There are some troubles in paradise for Tesla as the US federal agency governing road safety has announced an investigation into the company and its self-driving car claims.
The National Highway Traffic Safety Administration has identified 11 crashes of ‘particular concern,’ where the vehicle was operating in an autopilot mode prior to the collision and the driver was sometimes completely distracted from the task of driving.
Tesla’s vehicles boast ‘Full-Self-Driving’ (FSD), but current regulations do not allow for fully autonomous vehicles on the road.
Currently, the Society of Automotive Engineers has agreed on six levels of automation.
Level 1 vehicles simply need to automate one part of driving, such as maintaining a set speed, which can be achieved with cruise control. Level 2 vehicles must be able to assist with two aspects of driving, this is typically satisfied with adaptive cruise control and lane-keep assist systems.
It is not until we get to level 4 that we can start to get closer to the futuristic idea of self-driving cars. According to the IDTechEx’s report, Tesla Autopilot is only a level 2 system. Tesla is not a self-driving car, and a human always needs to pay attention to the road.
However, Tesla Autopilot is still a very advanced system. In fact, according to Consumer Reports it is the second-best Advanced Driver Assistance System on the market, with GM’s SuperCruise taking the top spot.
The abilities of Level 2 are shown by videos of the Tesla system in action where it handles traffic very well and can follow the navigator. But in the end, it is the human that is driving the car and not the other way around. In videos where the driver is asleep or has left the driver’s seat, they are abusing the system and breaking the law.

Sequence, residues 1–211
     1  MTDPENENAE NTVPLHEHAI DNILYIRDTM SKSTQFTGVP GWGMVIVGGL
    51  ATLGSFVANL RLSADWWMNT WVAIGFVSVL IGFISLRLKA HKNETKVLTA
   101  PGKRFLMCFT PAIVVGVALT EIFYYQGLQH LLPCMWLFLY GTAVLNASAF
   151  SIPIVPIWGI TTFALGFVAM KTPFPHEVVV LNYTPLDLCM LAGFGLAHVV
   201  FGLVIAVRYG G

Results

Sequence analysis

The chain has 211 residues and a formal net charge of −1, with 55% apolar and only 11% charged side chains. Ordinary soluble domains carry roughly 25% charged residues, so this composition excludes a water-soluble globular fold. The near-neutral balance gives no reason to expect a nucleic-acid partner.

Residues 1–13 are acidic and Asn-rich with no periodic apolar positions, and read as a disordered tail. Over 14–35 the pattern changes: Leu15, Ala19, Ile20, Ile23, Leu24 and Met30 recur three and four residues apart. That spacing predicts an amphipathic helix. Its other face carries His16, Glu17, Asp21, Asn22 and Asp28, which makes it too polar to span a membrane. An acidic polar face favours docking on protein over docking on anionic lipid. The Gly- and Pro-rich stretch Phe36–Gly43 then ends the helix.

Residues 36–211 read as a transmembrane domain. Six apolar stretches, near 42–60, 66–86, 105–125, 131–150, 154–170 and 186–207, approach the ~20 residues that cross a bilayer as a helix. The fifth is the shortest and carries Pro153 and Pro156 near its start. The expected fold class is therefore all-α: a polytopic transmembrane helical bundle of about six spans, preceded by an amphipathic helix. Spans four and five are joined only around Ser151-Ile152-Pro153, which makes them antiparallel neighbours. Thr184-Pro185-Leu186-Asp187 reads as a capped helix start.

IDTechEx has pointed out that no vehicle currently on sale has anything more than driver assistance features as the driver is always in control.
The report crucially points out that the problem for Tesla is not about the technology itself, but it is about how it has been marketed. The problem ranges from the ‘Full Self Driving’ labelling to the way that CEO Elon Musk describes the system.
Musk has been talking about the ‘Full Self Driving’ upgrade on Tesla vehicles since 2018, and with multiple revisions, upgrades, and hype cycles since then: some confused customers are lured into thinking they have bought a self-driving autonomous vehicle when in reality such technology does not even exist.
While other manufacturers rely heavily on cameras, radars, and LiDARs, Tesla is pursuing a camera-only approach and has even gone as far as removing the radar from Model 3 and Model Y vehicles.
The problem however is that cameras do not have the same capabilities as radar. Although cameras can infer range and velocity through AI, radars can measure this information intrinsically and are almost completely unaffected by poor weather, darkness, and direct sunlight, which are present challenges for a camera.
Tesla can certainly exceed human driving performance with a camera-only suite, but IDTechEx believes they have limited their potential by disregarding radar and have put themselves at a competitive disadvantage.
Radars and LiDARs can become very important at night when the camera systems are performing far below their peak potential. This is crucial for these systems as most pedestrian fatalities happen at night. The government agency also noted that most of the incidents they are investigating involving Tesla’s autopilot systems happened in darker conditions.
Tesla Autopilot and FSD are still among the best systems on the market. IDTechEx said that it is unlikely that the US government and the NHTSA will find anything untoward or dangerous within these systems. However, the problem lies entirely with the misinterpretation of the system’s capabilities.
There needs to be a clear message that these are not full self-driving vehicles, and the driver is very much responsible for driving the vehicle as it could cost other people’s lives.